Smoltz picks up first win against Dodgers since April 1999

By: Associated Press
By: Associated Press

Less than two weeks from his 40th birthday, John Smoltz looks as dominant as ever.

Smoltz pitched seven shutout innings for his first win over the Dodgers in more than eight years, and the Atlanta Braves beat Los Angeles 4-0 in a matchup of first-place teams Friday night.

"That was vintage Smoltz," manager Bobby Cox said. "My goodness."

Smoltz (4-1) escaped a bases-loaded, no-out jam in the fourth on the way to his first win over Los Angeles since April 19, 1999. He picked up his 197th career win and, the way things are going, figures to have a shot at No. 200 shortly after he turns 40 on May 15.

"I'm not going to go out there and strike out guys like I did in years past," Smoltz said. "But I'm going to be on the attack. Hopefully what I've learned to do is not give in to certain circumstances."

Brian McCann returned to the lineup with a two-run double and Jeff Francoeur drove in Atlanta's other runs with a fifth-inning single.

Mike Gonzalez and Rafael Soriano finished off the eight-hit shutout with one scoreless inning apiece.

Brett Tomko (0-3) surrendered a season-high six walks and went to three balls on two other hitters in 4 2/3 innings. The Braves forced him to throw strikes and took advantage when he did, scoring all their runs with two outs.

That's nothing new. Atlanta leads the majors in two-out production, scoring more than half its runs -- 74 of 146 -- in those situations.

"Don't even ask me about that anymore," Cox said with a smile. "I don't have an answer to that one."

In the first, Edgar Renteria reached on a one-out single -- extending his hitting streak to 13 games -- and Chipper Jones walked. Andruw Jones popped out to bring up McCann, who missed the previous game with a sore finger after getting caught on the back of the mitt with a swing.

McCann worked the count full, then lined an outside pitch into the left-field corner for an opposite-field double. Just like that, Smoltz had a two-run lead. He felt like it was his game to lose.

"That's the greatest feeling in the world for a starting pitcher," Smoltz said.

Tomko couldn't believe that McCann was able to get his bat on the pitch, which appeared to be several inches off the plate.

"It wasn't even close to being a strike," Tomko said.

The NL West-leading Dodgers had a chance to get back in the game when they loaded the bases with three straight singles to start the fourth. But Andre Ethier popped to shortstop, former Brave Wilson Betemit struck out swinging and Ramon Martinez flied to left.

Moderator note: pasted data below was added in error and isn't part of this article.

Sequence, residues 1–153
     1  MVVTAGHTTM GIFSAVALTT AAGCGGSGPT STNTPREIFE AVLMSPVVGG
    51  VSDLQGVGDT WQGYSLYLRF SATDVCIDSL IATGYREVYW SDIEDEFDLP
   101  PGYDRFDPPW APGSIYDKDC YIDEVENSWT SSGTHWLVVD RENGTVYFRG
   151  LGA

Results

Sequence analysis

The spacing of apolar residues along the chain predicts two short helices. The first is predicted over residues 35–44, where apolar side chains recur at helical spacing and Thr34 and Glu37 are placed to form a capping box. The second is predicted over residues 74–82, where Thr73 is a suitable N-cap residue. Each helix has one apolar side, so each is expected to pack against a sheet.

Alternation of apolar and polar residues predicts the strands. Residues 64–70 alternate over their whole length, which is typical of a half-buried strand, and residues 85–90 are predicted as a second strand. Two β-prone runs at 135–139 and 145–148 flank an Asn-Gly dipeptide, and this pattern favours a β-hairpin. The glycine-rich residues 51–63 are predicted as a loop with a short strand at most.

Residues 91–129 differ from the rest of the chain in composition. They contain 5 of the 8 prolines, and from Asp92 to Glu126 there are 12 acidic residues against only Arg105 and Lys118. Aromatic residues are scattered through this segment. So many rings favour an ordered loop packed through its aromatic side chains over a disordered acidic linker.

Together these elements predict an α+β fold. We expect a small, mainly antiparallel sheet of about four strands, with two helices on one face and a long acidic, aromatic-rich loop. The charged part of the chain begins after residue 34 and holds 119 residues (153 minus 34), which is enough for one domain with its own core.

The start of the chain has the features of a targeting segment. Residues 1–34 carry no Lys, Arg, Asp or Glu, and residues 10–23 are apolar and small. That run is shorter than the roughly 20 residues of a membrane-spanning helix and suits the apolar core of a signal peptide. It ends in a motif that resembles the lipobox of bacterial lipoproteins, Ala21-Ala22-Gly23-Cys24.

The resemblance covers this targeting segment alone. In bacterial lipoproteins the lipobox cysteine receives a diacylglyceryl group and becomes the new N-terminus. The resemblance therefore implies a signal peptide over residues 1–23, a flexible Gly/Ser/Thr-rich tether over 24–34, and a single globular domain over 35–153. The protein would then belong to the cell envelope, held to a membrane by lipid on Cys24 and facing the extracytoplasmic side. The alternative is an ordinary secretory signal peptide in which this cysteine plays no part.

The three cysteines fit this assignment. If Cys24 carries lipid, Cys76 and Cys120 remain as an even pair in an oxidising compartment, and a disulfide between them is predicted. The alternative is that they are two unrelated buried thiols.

Willie Harris made a nice running catch cutting into the gap on Martinez, the second straight game that the new left fielder has helped the Braves with defense. He made a diving catch in the ninth inning of a 4-3 win over Philadelphia on Wednesday.

"When I'm pitching, the outfielders are the most important players on the field," Smoltz said. "When Willie Harris made that catch, I though that would be their last chance to score."

Smoltz gave up half of his six hits that inning. He also walked two and struck out six. He has allowed three earned runs or fewer in six of his seven starts this season.

Tomko loaded the bases with three walks in the fifth and couldn't escape the mess of his own making. Sensing the pitcher would come in with a strike, Francoeur jumped on the first pitch and sent a liner toward left-center. Juan Pierre raced in for a diving attempt, but the ball skidded off the top of his glove as two runners raced home.

Tomko's knees buckled as he watched from the mound, and he shot a brief glance toward Pierre on the way to the dugout after getting yanked.

"I was looking for something away so I could get my bat on it," Francoeur said. "I was lucky to get a little help from Pierre, but I'll take it."

Tomko has never had much success in Atlanta, dropping to 0-4 with an 8.88 ERA in five career starts at Turner Field.

"I thought I threw the ball decent," said Tomko, who allowed his most walks since May 31, 2005, when he also walked six. "I didn't think I was wild. I was just missing."

Smoltz's career mark against Los Angeles improved to 16-13. But he had fewer chances to beat the Dodgers while missing all of 2000 recovering from elbow surgery, then spending three-plus seasons as the closer, picking up 154 saves.

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